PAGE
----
From some of the world's most famous castles to an island monastery dating back to the 6th century (Skellig Michael in County Kerry), the South West of Ireland is home to a wide variety of ancient structures. These structures have not only stood the test of time they have gone on to represent the very essence of Ireland to people all across the globe. On this page we invite you to have a look at South West Ireland's most well known Castles and Ancient Settlements.
Situated five miles north-west of Cork city, Blarney Castle is a solid fixture on almost any tour itinerary. It is best known for the famous "Blarney Stone" which visitors are encouraged to kiss, in accordance with a tradition which spans the centuries.
Built 600 years ago by Cormac MacCarthy, one of Ireland's greatest chieftains, Blarney Castle has attracted millions of visitors who continue to flock here in the hope that they will be gifted with the power of persuasive and elegant speech - or, as we call it in Ireland ... Blarney.
The spiral steps up to the famous Blarney Stone can feel very narrow at peak times. Those with limited mobility should proceed slowly and carefully however many people may be waiting behind.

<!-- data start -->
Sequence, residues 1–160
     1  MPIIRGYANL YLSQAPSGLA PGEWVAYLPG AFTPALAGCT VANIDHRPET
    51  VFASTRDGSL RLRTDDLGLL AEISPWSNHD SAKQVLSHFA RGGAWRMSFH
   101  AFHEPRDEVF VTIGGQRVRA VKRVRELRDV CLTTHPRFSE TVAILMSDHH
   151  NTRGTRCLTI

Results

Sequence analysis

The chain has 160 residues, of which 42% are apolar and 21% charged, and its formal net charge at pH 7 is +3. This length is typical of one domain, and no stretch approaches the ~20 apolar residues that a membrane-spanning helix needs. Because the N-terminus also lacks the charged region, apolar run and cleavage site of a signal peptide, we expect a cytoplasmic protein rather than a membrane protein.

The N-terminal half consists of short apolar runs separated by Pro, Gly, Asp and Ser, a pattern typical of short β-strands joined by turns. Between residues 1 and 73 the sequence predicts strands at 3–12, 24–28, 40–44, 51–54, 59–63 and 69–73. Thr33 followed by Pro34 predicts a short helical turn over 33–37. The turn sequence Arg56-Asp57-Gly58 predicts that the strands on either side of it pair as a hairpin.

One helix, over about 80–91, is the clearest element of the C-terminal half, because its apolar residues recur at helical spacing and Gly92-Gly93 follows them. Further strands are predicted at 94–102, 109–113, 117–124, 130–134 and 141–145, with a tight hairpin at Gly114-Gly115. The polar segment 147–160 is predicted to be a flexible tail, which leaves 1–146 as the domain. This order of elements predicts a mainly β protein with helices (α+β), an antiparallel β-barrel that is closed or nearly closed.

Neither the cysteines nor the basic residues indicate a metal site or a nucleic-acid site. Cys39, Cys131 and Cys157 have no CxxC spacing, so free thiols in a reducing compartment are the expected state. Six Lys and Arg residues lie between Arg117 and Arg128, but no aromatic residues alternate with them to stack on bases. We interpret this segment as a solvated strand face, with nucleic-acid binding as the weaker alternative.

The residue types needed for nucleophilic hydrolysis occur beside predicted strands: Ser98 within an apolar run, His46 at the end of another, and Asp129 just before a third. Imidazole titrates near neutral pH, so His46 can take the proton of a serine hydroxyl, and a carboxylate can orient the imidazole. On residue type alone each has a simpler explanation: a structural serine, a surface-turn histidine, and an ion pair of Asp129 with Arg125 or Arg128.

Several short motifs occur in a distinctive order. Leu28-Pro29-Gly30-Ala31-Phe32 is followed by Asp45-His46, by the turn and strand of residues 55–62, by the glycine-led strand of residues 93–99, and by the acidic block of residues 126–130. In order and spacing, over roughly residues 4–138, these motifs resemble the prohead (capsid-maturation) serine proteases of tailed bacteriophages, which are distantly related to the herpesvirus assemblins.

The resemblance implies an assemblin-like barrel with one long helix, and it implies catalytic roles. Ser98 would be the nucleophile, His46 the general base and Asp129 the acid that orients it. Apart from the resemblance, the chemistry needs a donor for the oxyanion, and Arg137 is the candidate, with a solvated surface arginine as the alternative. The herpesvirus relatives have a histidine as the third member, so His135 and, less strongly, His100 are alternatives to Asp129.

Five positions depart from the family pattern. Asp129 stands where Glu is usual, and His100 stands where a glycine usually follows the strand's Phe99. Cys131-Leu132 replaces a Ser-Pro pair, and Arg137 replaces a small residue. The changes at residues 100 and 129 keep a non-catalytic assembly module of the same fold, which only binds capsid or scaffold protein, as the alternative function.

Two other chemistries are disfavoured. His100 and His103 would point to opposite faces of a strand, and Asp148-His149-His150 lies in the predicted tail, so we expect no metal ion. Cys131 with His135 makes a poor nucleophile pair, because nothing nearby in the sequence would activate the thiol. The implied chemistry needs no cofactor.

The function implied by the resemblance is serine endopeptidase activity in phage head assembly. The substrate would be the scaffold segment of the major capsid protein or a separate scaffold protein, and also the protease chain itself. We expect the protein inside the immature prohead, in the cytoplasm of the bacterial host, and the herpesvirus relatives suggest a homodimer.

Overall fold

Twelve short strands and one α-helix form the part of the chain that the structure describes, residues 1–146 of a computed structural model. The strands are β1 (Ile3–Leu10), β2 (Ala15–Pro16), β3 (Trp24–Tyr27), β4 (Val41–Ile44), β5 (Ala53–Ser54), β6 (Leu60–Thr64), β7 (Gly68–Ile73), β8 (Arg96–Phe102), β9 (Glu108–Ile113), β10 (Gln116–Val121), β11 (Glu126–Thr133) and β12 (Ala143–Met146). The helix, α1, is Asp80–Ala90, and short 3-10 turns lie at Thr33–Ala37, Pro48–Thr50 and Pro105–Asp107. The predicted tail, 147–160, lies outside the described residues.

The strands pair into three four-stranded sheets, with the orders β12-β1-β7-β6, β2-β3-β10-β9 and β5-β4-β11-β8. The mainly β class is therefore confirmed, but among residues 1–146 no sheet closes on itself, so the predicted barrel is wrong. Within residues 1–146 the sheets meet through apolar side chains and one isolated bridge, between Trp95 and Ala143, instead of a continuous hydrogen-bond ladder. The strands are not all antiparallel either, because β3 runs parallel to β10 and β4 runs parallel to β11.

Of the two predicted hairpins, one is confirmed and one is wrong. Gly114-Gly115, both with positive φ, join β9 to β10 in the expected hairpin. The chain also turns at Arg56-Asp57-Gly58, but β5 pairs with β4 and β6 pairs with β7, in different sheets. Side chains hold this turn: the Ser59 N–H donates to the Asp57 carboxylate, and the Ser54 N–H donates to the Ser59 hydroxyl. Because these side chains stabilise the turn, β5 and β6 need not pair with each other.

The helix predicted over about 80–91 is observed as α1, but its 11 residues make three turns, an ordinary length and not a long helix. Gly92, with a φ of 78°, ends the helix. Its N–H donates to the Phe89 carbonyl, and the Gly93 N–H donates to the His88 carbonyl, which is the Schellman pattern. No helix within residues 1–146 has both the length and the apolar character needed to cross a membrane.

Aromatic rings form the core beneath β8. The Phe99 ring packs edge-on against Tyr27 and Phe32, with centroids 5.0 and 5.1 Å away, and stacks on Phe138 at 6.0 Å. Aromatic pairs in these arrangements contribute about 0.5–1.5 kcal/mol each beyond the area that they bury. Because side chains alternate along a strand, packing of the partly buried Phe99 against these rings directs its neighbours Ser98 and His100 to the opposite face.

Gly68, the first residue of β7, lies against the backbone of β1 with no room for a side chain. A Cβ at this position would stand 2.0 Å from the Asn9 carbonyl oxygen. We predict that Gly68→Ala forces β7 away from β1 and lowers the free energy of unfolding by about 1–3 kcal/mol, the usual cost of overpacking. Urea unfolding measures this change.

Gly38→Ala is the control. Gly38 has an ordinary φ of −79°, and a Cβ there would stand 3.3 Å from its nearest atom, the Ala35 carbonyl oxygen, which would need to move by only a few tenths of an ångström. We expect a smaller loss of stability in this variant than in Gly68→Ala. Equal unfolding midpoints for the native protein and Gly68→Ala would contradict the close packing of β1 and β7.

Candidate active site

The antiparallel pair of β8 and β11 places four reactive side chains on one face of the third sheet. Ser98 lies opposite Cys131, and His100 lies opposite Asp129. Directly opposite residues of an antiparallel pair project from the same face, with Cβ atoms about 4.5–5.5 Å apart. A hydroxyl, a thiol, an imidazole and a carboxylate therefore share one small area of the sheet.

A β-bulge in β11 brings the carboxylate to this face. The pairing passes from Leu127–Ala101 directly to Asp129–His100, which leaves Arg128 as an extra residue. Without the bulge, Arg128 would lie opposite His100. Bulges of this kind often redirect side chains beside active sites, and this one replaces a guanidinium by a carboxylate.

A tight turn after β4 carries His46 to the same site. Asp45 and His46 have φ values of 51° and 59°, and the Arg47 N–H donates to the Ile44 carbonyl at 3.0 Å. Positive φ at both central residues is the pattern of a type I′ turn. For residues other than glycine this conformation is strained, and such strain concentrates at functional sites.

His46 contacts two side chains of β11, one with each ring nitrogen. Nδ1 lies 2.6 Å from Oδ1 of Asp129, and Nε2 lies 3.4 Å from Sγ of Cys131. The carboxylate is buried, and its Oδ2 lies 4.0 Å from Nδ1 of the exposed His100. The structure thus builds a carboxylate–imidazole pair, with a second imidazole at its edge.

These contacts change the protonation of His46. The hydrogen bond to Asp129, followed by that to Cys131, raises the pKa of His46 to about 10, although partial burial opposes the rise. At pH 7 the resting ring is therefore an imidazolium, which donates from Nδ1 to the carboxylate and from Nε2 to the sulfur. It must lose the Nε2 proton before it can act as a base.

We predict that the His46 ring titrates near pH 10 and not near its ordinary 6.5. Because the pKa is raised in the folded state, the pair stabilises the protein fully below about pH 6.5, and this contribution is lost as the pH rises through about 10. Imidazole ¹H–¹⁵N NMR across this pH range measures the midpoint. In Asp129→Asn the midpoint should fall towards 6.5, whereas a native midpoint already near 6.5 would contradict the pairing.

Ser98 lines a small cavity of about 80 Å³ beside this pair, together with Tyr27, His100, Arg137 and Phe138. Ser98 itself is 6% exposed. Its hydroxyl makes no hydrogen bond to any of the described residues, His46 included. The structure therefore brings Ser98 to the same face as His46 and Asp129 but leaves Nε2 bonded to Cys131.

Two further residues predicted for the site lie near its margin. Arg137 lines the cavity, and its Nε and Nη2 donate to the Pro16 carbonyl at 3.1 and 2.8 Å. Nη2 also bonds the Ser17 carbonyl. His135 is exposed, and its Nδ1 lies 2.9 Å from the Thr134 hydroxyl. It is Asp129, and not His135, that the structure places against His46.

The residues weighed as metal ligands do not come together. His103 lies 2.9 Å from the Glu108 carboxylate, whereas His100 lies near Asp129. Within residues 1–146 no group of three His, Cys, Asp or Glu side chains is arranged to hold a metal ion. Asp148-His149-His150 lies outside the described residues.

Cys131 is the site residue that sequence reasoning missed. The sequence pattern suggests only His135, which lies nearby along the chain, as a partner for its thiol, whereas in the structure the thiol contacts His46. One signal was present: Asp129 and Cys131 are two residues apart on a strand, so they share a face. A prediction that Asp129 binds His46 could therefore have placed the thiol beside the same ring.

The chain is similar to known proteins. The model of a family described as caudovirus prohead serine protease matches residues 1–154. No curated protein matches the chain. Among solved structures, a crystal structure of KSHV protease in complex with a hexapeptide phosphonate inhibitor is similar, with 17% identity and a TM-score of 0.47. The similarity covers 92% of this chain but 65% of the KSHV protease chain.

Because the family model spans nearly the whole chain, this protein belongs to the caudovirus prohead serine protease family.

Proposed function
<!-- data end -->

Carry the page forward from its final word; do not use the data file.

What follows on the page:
Buy you tickets online to get an online discount.
You will find Blarney Castle 8 km from Cork City in Blarney Village. We recommend that you spend 3 hours to explore both the castles and garden with caves, lake walk, fern garden and arboretum. Maps are available at the ticket office in several languages. Audio guides in English are also available.
The opening hours for Blarney Castles and Gardens in June to August are 9:00 to 19:00 on Monday to Saturday and to 18:00 on Sundays. Opening hours are shortened from September to May. The opening hours can change according to weather conditions. Find out more about the opening hours.
Children under 8 go free. A ticket for adults costs 18 euro and 8 euro for children aged between 8 and 16.
Located alongside the River Shannon in County Limerick, on King's Island lies the 13th century castle named St John's Castle. Dating back as far as 922, to a time when Vikings were the inhabitants of the island (Thormodr Helgason, the Viking sea-king, built the first settlement on the island), the actual castle was built in 1200 under the instruction of King John of England. Having taken over power of Limerick, from the Vikings in 1194, the castle was built to act as a guard from the Gaelic kingdoms to the west and other Norman lords invading from the South and East. Under the rule of King John, the city of Limerick went from strength to strength.
Part of the castle was irreparably damaged during the siege of Limerick. From 2011–2013 there was euro5.7 million spent in a huge redevelopment of the castle to improve the visitor facilities and today the King John's Castle stands as one of Limerick's proudest attractions.